DKG: We went to Norway, the UK, India, Egypt and around the United States over a few years, so it was many thousands of miles, many days of jet lag, all of it completely worth it. We were in Egypt before this revolution happened and sometime in the future it would be interesting to go back and see how the lives of the people that we met there have changed.
I was also really fascinated by natural beauty of Norway, the fjords and magnificent land and seascapes there. We were shooting midsummer, so it was light 24 hours a day where we were, up above the Arctic Circle. It was a very strange feeling. As a filmmaker of course I was thrilled because we could shoot 24 hours a day.
Some of the scenes there we filmed at 2 AM and the light was so beautiful. I found it hard to sleep at all because I could feel that the sun was out, even in a darkened room. There’s a part of me that would like to go back there midwinter and experience what it’s like when it’s dark 24 hours a day and everything is snowy and cold outside and cozy and warm inside.
HPR: Scientists often have a dry, clinical, cerebral reputation that suggests difficulty in cinematic translation, but your subjects defy the stereotypes. How do you approach the interview process in order to collect material that is accessible to the non-scientists in the audience?
DKG: I do a lot of homework for my interviews. I choose subjects who are at the top of their field and I figure I owe it to them to know what they do and to figure out the right questions to ask them. One scientist in the film, Peter Vitousek from Stanford, with whom we went to Hawaii, has a book called “Nutrient Cycling and Limitation in Hawaii.” So I read the book of course and then when I told him in a pre-interview that I’d read his book he said “My condolences.”
It actually was a fascinating book and really helped me understand that soil has a lifespan and also that cycling process, life cycling through the soil. I do try to really understand the topic so I can bring out the best of what each person I’m interviewing, whether she’s a scientist or a farmer or an activist, can bring to the film.
I prepare a list of questions in advance. I also see the interview process as a formal one. I tried to not get too chatty or casual before the interview. After the interview, that’s fine, we can go have a drink or meal together but I want to create a kind of formal set up, the sense that this is a special interchange, a kind of a witnessing.
I find that once they understand that I respect them enough to actually find out quite a lot about what they do, that that actually helps bring their best to the interview process as well. I let them know in advance exactly what area I want to cover with them because a lot of these people have a vast amount of knowledge about all kind of things. I chose something they have special enthusiasm for and want to share with the world.
Plus I choose topics that I’m interested in and so they’re telling me about things I’m personally fascinated by so it makes it an animated conversation. One person I interviewed had had a film made about him and it was funny because before we did the interview, he was complaining about that film, that he didn’t like it, that he didn’t feel that filmmaker understood his work.
Then after our convivial interview, he said, “I really enjoyed this interview. You asked me such good questions.” And I said, “Well, I read your book.” And he complained one last time about the previous filmmaker and said, “He did not read my book.” But I can tell as a filmmaker when I watch films in which the director really hadn’t connected with the interviewee, when they just kind of came in on the fly in and didn’t really get the person. Then it becomes rote.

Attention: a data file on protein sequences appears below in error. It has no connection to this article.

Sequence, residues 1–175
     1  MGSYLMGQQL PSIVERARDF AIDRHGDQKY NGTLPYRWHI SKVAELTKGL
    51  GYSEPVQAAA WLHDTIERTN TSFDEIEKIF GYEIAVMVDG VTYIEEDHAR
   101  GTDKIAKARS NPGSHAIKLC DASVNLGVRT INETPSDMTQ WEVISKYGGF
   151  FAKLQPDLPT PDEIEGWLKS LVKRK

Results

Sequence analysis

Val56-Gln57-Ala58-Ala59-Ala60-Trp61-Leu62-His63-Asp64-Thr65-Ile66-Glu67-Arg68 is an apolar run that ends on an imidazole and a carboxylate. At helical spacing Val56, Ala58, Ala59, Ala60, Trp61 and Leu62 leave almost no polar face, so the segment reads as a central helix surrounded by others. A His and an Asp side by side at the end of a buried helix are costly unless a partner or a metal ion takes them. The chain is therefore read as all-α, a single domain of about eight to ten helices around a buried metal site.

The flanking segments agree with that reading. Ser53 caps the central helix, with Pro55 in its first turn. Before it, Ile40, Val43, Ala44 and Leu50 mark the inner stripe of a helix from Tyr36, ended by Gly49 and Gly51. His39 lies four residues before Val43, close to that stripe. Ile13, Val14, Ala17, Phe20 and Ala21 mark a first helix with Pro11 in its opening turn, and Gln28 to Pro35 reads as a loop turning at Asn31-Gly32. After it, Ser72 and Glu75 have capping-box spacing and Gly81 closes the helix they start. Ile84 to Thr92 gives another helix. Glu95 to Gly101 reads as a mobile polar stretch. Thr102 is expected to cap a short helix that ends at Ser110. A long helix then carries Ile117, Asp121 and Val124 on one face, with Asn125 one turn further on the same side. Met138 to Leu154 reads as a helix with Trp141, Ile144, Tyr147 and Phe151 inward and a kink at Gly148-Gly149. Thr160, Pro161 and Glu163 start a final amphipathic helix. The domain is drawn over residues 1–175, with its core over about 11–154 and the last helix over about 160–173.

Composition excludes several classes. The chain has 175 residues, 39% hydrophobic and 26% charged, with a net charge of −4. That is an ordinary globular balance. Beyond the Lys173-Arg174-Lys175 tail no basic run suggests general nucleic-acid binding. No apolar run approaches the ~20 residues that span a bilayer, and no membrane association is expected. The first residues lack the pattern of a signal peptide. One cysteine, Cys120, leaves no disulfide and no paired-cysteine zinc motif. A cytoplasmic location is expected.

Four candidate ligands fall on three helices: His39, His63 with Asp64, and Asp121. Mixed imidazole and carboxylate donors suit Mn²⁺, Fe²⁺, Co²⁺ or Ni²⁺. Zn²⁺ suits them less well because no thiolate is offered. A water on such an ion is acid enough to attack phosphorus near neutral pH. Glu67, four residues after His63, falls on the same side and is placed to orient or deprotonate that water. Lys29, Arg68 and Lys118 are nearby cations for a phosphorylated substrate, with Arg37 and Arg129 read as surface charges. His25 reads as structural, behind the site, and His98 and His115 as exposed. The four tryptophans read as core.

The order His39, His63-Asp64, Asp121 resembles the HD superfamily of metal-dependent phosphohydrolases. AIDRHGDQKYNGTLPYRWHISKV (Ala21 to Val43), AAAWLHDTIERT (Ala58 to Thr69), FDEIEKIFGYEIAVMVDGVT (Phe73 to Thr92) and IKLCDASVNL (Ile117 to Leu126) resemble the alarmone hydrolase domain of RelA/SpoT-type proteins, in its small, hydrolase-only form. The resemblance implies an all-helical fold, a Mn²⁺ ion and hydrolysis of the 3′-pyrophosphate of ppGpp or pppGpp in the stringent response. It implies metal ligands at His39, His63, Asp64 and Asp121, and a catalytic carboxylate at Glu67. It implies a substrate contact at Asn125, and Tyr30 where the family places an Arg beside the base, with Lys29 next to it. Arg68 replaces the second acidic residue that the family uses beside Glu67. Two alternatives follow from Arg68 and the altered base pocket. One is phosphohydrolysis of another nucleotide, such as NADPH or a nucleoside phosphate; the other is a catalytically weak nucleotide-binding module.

An interview is a kind of a ritual: film lasts forever so you really want to be focused, show respect for them and their work by understanding it, look them in the eye, and figure out how to really listen to them. Usually the people I interview have spoken a lot about their work, presenting papers or teaching. I talk to them about communicating to a mass audience and they are intelligent enough to understand how to present their special knowledge in a way that people can understand it.
If necessary I ask them to rephrase the answer so the average person can get it. It doesn’t mean dumbing it down, it means smartening up. The people in this film are thrilled that it is raising soil consciousness. It’s also nice to ask a question which they wouldn’t be expecting because then they can improvise and that gets them kind of excited too to have to think on their feet.
HPR: You find an artistic tone and voice in “Symphony of the Soil” that resists any temptation to escalate the fear and terror that sometimes accompanies the dialogue about the state of the ecology. Is it hard to be calm, rational, and positive when it feels like there is so much to be scared and angry about?
DKG: I agree there is a lot to be scared about these days. As a filmmaker though it would just be too easy to put people on a giant bummer and leave it at that. After all, to my mind the purpose of making a film is to help. I want people to make positive changes and if you leave people in a negative, depressed, freaked out state nothing will change, they’ll just go to bed and pull the covers over their head, so I’ve wasted my time as a filmmaker.
This film is a kind of a hybrid in that it’s got a lot of science in it but it’s also artfully done, artistically done. Yes, I went to art school! And art is about transformation. The best art is about deep transformation and, I believe, ultimately should be ennobling. I know it’s an old-fashioned idea but that’s what I believe. I think that beauty, scientific rigor and skillful filmmaking can be joined together to create something that actually changes how people see the world and therefore changes how they act upon that world.